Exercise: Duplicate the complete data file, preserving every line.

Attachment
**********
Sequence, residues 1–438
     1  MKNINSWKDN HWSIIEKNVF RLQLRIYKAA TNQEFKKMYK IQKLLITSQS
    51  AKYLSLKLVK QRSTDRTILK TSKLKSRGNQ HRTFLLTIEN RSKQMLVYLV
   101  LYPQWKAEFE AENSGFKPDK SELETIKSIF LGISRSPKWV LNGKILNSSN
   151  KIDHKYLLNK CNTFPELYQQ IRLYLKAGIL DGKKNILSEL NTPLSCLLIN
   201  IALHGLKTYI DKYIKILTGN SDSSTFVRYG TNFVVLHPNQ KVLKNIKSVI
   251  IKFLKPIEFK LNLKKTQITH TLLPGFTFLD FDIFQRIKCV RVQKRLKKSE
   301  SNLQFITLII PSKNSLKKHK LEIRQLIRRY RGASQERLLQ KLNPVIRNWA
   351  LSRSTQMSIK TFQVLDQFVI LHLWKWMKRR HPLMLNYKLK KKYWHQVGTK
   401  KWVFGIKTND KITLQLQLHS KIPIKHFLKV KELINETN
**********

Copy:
Sequence, residues 1–438
     1  MKNINSWKDN HWSIIEKNVF RLQLRIYKAA TNQEFKKMYK IQKLLITSQS
    51  AKYLSLKLVK QRSTDRTILK TSKLKSRGNQ HRTFLLTIEN RSKQMLVYLV
   101  LYPQWKAEFE AENSGFKPDK SELETIKSIF LGISRSPKWV LNGKILNSSN
   151  KIDHKYLLNK CNTFPELYQQ IRLYLKAGIL DGKKNILSEL NTPLSCLLIN
   201  IALHGLKTYI DKYIKILTGN SDSSTFVRYG TNFVVLHPNQ KVLKNIKSVI
   251  IKFLKPIEFK LNLKKTQITH TLLPGFTFLD FDIFQRIKCV RVQKRLKKSE
   301  SNLQFITLII PSKNSLKKHK LEIRQLIRRY RGASQERLLQ KLNPVIRNWA
   351  LSRSTQMSIK TFQVLDQFVI LHLWKWMKRR HPLMLNYKLK KKYWHQVGTK
   401  KWVFGIKTND KITLQLQLHS KIPIKHFLKV KELINETN